What is body language? The dance moves we perform in front of foreigners? The subtle hints that show you want to run away from the date in front of you? According to Professor Amy Cuddy, body language is any expression of the body which is used as a communication method. While we are normally only conscious about the messages that are sent outwards, Cuddy indicates that we should also take interest in the messages that are sent towards the senders in return. While we have always thought that our minds control our bodies, the lecturer opens up the possibility of it being the other way around.
How much attention does one pay to other peoples’ body language? Today, most human relations are based on profits for oneself. “What can I gain if I befriend this stranger?” is the common thought that passes our brains. Furthermore, with the emergence of consumerism, companies and businesses consistently approach their customers under the heavy disguise of a trustworthy companion, when really they are sneaking a peek into their wallets. In this current atmosphere of everyone trying to take advantage of everyone else, it is inevitable for people to build up a brick wall of distrust around themselves. People are on the lookout for binmal, words the speaker does not sincerely mean. During the search for any truth in our surroundings, we start to focus on the body language of people, the honest projection of what the mind is truly thinking. The words “I’m sorry,” will send different feelings, from a man who mutters the words into the floor with fidgeting hands and a man who enunciates them through an intense stare with his hands folded politely.
When we perform body language, our minds control our body to exhibit our thoughts. However, in the lecture, Professor Cuddy proves two new points: body language can be used as a tool, and the body can control the mind. Some body language expressions are the true picture of what the sender is feeling, but others can be utilized to enrich the words of the speaker. Flattering the boss is done much more successfully if the employee keeps the nose low and the eyes like an eager puppy. The Professor also shows proof that if a person deliberately conducts a posture of one’s opposite personality, then he or she will become more like that character. For example, when a normal person strikes a confident shoulder-opened posture for two minutes, their testosterone (dominance hormones) level increases by 20%, and their cortisol (stress reactive hormones) level decreased about 25%. This incredible experiment result can be used to help us with many parts of our social lives, especially for a job interview. Right here is when the Professor points out a drawback.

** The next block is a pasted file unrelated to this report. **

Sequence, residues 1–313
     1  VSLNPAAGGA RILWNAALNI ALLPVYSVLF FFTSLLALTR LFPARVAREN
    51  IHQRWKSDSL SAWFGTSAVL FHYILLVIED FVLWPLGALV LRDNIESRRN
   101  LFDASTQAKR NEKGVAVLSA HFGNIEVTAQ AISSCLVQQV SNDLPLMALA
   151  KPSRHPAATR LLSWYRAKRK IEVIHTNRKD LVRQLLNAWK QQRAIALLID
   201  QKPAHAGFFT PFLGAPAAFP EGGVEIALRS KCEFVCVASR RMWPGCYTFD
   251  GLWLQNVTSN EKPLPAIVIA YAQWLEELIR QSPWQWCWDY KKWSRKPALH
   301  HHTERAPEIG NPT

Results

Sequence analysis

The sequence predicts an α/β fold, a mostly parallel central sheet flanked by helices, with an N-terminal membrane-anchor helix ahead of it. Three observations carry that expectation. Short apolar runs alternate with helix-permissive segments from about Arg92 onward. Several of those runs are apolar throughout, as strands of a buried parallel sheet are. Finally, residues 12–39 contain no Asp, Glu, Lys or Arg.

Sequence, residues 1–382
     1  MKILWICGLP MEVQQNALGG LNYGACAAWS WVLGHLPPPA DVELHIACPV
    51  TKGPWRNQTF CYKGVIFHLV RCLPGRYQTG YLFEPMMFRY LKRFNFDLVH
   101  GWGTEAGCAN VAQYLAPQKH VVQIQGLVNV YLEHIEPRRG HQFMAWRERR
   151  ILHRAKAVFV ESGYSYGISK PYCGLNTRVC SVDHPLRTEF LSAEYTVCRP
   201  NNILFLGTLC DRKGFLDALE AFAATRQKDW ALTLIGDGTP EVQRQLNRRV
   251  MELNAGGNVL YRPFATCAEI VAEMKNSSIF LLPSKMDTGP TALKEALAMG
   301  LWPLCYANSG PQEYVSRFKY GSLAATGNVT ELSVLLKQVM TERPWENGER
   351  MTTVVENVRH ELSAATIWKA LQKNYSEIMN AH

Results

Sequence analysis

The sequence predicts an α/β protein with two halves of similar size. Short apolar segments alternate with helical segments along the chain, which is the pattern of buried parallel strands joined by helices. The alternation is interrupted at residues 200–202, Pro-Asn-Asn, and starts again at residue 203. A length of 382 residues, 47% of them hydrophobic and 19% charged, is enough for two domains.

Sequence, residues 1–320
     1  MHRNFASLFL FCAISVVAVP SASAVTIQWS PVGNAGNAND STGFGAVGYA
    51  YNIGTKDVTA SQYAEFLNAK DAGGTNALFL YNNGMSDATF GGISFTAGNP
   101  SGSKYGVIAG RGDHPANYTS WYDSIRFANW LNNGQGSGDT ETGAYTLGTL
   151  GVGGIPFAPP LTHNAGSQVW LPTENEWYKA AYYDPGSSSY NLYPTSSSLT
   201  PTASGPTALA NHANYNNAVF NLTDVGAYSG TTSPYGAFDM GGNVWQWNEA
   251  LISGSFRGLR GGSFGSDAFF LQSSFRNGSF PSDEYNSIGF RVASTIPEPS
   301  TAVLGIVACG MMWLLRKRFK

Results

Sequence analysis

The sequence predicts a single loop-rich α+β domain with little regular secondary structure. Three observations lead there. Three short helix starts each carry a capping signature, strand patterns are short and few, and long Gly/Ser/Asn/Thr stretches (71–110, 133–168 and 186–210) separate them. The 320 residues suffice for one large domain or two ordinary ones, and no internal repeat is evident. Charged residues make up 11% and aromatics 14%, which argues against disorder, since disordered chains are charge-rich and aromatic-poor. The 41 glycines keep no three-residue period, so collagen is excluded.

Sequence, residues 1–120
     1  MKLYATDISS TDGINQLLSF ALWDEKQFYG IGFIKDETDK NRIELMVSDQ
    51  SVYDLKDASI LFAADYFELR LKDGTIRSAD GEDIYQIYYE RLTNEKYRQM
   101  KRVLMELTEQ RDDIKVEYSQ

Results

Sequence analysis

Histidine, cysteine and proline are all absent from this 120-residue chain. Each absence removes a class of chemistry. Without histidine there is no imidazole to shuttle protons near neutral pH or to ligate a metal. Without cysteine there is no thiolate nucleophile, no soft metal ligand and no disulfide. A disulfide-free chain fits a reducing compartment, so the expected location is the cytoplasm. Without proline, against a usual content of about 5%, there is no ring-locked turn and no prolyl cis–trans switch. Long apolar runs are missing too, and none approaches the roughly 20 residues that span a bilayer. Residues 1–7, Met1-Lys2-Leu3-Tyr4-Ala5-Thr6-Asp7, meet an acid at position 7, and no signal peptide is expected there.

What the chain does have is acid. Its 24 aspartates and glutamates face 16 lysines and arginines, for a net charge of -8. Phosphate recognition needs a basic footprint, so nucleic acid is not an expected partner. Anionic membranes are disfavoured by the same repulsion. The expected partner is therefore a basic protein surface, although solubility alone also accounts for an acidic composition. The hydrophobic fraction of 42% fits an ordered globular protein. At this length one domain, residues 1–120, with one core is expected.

“So when I tell people about this, that our bodies change our minds, and our minds can change our behavior, and our behavior can change our outcomes, they say to me, ‘I don’t… It feels fake. It’s not me. I don’t want to get there and then still feel like a fraud. I don’t want to feel like an impostor. I don’t want to get there only to feel like I’m not supposed to be in here.’ And that really resonated with me.”
No one likes acting pretentious, yet everyone does so because they think it is a wise decision. There is a tacit agreement amongst the members of the society that one should “sacrifice” their true colors, and put on the black and white shades that the society asks for in order to become successful in any work field. What we must understand is that they are black and white if only we see them in that sense. Why do the same people who criticize the appearance-oriented world simultaneously undergo plastic surgery? Why do the same people who despise having to put on an enthusiastically welcoming face in a business meeting accuse anyone else for not doing so? Regarding these hypocrisies, one must admit that what the society wants is eventually what we want. It is a natural instinct to want to follow the interests of the larger group. The word “fake” is negative if only we see it that way. However, it might just be an obstacle that you put in your own path yourself into becoming something you want to be. Why should we pretend to be someone we are not? It may be because we ultimately want to.
This lecture is not mere psychological research. It is the exploration of our secret desires and the extrication of the true expressions on our face behind the mask. Professor Cuddy not only offers us this lifehack that can definitely change the way we behave in our future lives, but she also recounts her own struggles back at university, which brought tears to her eyes and a standing ovation at the end of the speech.
To watch this lecture, go to www.snow.or.kr and search for “Your body language shapes who you are.” Or barcode this QRcode.
• An American social psychologist
specialized in stereotyping,
discrimination, nonverbal behavior
and so forth
• Associate Professor at
Harvard Business School
Vocabulary & Expression
1. Tacit agreement : [noun] an unspoken compromise
ex] In the tacit agreement of the husband and wife to keep their estrangement a secret, they behaved as would have ordinarily.
2. Lifehack : [noun] a procedure or action that solves a problem in everyday life.
ex] This manual will give you easy lifehacks that will help your social life.